I work primarily in painting. I am recognized for multi-layered landscapes in which patterns and natural elements combine in liquid space. My recent paintings focus on flowers and patterns and update the Pattern and Decoration movement of the 1980s for today. You could say I paint synthetic landscape through a feminist lens. My materials are primarily acrylic, calligraphy ink, glitter, and pumice on linen and paper. My paintings and works on paper embrace both Asian and Western techniques, assuming elongated, horizontal formats and incorporating ink and wash techniques such as ‘splashed ink’ or flower idioms. Travel remains a great inspiration as my work responds viscerally to the environment in which it is created. My paintings orchestrate multiple paint applications to translate, even incarnate, the complexity of lived experience. Public commissions expand my understanding of what is possible in art.

The 96 x 96-inch painting Verdant Tampa Bay greets travelers at Tampa International Airport’s International Arrivals Terminal, near American Airlines. I just completed Urban Idyll, a commission for the Metropolitan Transit Authority Art & Design New York City Transit program. The 36 laminated glass panels are inspired by a Tree of Life pattern and located at the Ditmars Blvd. station on the NW lines in Queens. Working with laminated glass influenced my current work in the solo exhibition Effulgence at Emerson Dorsch Gallery in Little Haiti. The three-panel painting Effulgence situates street pigeons, lattice patterns, scaffolding, and Chinese plant forms in a landscape of pours. These elements are also fashioned in wood, extending painting space into our space. The gallery is transformed into a series of rooms that visitors move through, like a dimensional scroll. Effulgence refers to brilliant, almost unnatural color, which is appropriate for the intersection of nature and décor. Scrolls, cartoons, wallpaper, and logos abbreviate the natural world in their interpretations. Likewise, in my paintings, lattice and pigeons inhabit an alternate universe that takes climate change for granted. Smashed flowers emerge from pure, dripped color. Nature and culture fuse in visionary landscapes with antecedents in color field painting, and pattern & decoration, the 1980s movement that went global in its references to Islamic, Chinese, and Japanese patterns.

What is “success” or “successful” for you?

Success means freedom to paint and speak for myself through painting. Freedom is rigorous. Because painting has a long history, it must work harder to surprise and refresh. I relish this challenge since it has been done so often and well before. Flowers, as ephemeral forms poured in plastic, become templates for a brave new landscape where form and space converge. I want to paint bilingually,  across borders to dissolve them. This is a success for me. As peer recognition constitutes a marker of success, I am honored that artists Cesar Cornejo and Sue Havens have recommended me to Voyage MIA. I am also grateful for the many professional opportunities I enjoy, which include representation in Miami and New York, many artist residencies such as the MacDowell Colony, and a 2018 Joan Mitchell Foundation Painters and Sculptors Program Grant. Painting expands the constraints of space and time. Frank Bowling’s Traingone, 1996, or Chen Jialing’s lotus paintings, convey moods and feelings that I well understand. In turn, I hope my paintings actively engage others in this way. When two minds meet through painting, the mutual recognition forms art’s deeper purpose.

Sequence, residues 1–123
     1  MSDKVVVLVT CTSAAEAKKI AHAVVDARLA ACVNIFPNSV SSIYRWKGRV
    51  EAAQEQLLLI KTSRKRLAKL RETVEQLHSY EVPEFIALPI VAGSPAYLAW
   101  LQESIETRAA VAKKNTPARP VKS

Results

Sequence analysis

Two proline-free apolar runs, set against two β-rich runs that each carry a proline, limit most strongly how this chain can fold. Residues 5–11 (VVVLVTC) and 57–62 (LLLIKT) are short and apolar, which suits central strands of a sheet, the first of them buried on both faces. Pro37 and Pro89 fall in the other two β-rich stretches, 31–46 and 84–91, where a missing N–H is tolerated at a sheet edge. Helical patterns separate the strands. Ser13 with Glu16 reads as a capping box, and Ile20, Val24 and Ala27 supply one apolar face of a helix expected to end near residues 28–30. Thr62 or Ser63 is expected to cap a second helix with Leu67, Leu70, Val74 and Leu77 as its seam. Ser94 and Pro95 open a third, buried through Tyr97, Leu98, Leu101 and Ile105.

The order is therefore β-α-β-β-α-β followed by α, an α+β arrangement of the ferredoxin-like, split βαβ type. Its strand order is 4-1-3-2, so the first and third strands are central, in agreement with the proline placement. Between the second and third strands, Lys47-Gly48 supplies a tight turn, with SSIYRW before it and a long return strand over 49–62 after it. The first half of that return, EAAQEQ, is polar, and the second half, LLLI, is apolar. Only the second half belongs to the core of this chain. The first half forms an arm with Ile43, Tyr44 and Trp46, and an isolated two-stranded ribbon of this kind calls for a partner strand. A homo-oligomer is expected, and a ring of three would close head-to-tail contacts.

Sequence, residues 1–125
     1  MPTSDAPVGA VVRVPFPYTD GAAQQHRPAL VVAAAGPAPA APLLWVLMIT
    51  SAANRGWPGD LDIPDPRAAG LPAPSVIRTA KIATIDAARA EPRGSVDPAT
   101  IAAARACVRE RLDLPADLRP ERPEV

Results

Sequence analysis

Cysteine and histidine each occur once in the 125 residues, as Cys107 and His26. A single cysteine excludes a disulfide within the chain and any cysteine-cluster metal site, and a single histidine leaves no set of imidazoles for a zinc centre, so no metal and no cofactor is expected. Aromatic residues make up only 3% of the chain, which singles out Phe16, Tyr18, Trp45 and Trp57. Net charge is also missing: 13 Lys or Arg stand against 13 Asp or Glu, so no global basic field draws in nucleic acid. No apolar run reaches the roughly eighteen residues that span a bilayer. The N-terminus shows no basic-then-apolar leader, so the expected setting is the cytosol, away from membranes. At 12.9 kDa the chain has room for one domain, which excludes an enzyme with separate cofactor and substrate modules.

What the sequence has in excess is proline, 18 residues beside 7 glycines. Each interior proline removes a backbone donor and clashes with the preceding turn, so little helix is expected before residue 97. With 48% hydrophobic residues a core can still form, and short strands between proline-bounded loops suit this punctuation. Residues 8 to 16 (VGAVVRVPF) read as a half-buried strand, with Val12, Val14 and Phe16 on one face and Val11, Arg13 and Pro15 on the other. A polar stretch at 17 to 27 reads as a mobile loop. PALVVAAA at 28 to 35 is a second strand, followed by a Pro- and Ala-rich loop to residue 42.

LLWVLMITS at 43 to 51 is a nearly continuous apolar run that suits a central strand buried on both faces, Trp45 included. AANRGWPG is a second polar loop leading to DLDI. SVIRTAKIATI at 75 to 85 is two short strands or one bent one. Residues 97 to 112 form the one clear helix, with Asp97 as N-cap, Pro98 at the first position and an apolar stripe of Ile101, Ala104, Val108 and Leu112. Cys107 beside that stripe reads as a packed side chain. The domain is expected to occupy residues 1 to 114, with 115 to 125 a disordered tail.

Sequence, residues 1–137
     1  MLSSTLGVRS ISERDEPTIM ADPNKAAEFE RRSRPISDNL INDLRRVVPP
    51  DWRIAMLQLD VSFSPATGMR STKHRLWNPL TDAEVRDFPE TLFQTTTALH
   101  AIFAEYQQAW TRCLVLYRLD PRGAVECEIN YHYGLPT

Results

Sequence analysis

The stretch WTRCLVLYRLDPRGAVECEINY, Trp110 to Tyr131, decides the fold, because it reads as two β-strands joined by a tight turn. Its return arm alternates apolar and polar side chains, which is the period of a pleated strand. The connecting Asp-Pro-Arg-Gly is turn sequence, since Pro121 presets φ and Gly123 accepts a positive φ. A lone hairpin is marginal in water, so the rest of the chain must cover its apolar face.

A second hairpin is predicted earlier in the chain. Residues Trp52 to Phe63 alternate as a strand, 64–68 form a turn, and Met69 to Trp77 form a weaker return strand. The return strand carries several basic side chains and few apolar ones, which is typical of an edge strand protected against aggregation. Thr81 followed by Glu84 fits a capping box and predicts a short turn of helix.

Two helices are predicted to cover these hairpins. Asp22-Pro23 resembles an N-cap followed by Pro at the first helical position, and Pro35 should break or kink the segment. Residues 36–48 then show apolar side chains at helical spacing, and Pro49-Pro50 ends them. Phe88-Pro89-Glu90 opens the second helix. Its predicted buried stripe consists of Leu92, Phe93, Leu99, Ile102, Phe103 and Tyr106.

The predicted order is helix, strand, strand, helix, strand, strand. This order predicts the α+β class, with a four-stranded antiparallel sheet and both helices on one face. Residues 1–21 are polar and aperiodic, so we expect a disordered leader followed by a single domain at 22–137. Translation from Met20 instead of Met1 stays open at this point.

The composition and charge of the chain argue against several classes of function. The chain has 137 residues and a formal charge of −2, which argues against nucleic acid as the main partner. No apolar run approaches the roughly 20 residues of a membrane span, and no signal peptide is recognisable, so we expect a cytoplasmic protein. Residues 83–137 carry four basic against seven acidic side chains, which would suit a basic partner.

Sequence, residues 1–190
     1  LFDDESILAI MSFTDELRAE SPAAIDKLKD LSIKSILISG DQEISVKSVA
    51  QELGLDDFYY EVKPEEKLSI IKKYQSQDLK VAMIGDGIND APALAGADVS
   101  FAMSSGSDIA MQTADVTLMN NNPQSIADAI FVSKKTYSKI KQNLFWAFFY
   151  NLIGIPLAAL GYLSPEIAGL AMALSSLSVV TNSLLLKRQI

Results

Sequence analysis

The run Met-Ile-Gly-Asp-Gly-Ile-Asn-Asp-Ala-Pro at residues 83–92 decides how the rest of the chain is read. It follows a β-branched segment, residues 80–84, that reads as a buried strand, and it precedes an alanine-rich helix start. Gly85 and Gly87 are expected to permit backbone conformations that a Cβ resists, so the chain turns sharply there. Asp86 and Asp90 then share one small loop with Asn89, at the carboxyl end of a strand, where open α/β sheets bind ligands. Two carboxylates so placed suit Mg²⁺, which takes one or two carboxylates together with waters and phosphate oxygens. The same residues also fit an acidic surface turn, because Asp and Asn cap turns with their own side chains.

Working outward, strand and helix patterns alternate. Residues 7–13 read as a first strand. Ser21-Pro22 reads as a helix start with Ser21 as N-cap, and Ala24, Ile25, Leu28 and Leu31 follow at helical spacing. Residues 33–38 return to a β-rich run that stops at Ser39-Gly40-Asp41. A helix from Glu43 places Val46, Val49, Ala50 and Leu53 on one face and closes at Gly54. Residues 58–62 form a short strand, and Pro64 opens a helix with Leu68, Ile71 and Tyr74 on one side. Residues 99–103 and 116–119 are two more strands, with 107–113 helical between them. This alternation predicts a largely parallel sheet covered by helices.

Contact Info:

  • Address: Emerson Dorsch Gallery, 5900 NW Second Avenue, Miami, FL 33127
  • Website: www.emersondorsch.com
  • Phone: (305) 576-1278
  • Instagram: @elisabethcondon
  • Facebook: ElisabethCondonArtist

Image Credit:
paintings – Pat Blocher portrait – Phillip Reed
Effulgence, 2019, ink, acrylic on linen (three panels), 72 x 171 inches, courtesy Emerson Dorsch Gallery
Runaway Flowers, 2019, calligraphy ink and acrylic on linen, 40 x 52 inches, courtesy Emerson Dorsch Gallery
Pink Lattice, 2019, calligraphy ink and acrylic on linen, 40 x 52 inches
Pink and Yellow Lattice, 2019, calligraphy ink and acrylic on linen, 30 x 21 inches
Photo credit for paintigs: Pat Blocher
Elisabeth Condon portrait: Photo credit : Phillip Reed